In the Genes: Where Baby's Looks Come From

Mirror Images and Perfect Strangers

Sometimes children end up looking exactly like Mom or Dad -- or a brother or sister -- and sometimes they don't resemble anyone in the family. What gives? Kids share 50 percent of their DNA with each of their parents and siblings, so there's plenty of room for variation. If your little one takes after you, he may have inherited a lot of your dominant genes along with recessive ones from you and your partner, Dr. Starr says. If siblings end up looking alike, the mix of genes they inherited was similar. Each of your kids may get instructions for different features: Your firstborn can have your lips, while your youngest gets Dad's.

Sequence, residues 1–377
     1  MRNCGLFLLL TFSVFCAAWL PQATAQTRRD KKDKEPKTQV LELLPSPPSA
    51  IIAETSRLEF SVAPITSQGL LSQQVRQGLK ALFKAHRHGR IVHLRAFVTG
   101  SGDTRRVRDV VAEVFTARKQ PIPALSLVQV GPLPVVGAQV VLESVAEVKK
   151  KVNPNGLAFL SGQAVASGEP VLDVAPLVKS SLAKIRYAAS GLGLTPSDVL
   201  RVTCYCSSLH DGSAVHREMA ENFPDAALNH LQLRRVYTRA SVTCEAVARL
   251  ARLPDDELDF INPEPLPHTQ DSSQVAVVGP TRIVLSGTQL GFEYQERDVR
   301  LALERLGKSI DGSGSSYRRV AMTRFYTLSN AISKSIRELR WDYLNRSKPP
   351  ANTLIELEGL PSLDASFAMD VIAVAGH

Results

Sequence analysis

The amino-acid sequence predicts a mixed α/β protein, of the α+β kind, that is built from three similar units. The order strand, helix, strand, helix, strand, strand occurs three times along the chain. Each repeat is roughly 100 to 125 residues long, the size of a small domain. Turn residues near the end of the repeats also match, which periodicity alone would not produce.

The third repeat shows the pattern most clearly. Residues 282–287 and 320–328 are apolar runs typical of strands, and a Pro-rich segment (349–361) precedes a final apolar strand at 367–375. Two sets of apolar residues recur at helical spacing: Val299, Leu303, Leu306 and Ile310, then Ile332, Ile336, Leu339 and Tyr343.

Keep in mind that development is a dynamic process, Dr. Scheiner says. "As kids get older, genes naturally turn on due to hormones as well as environmental exposures," he notes. In fact, your child's bone structure won't be set until he's in his 20s because so many genes are involved, including those for growth, bone development, and even fat deposits. The moon-faced infant who starts out as a doppelg?nger of his dad could have all your angles as an adult. Until then, you'll just have to sit back and enjoy the slow reveal.

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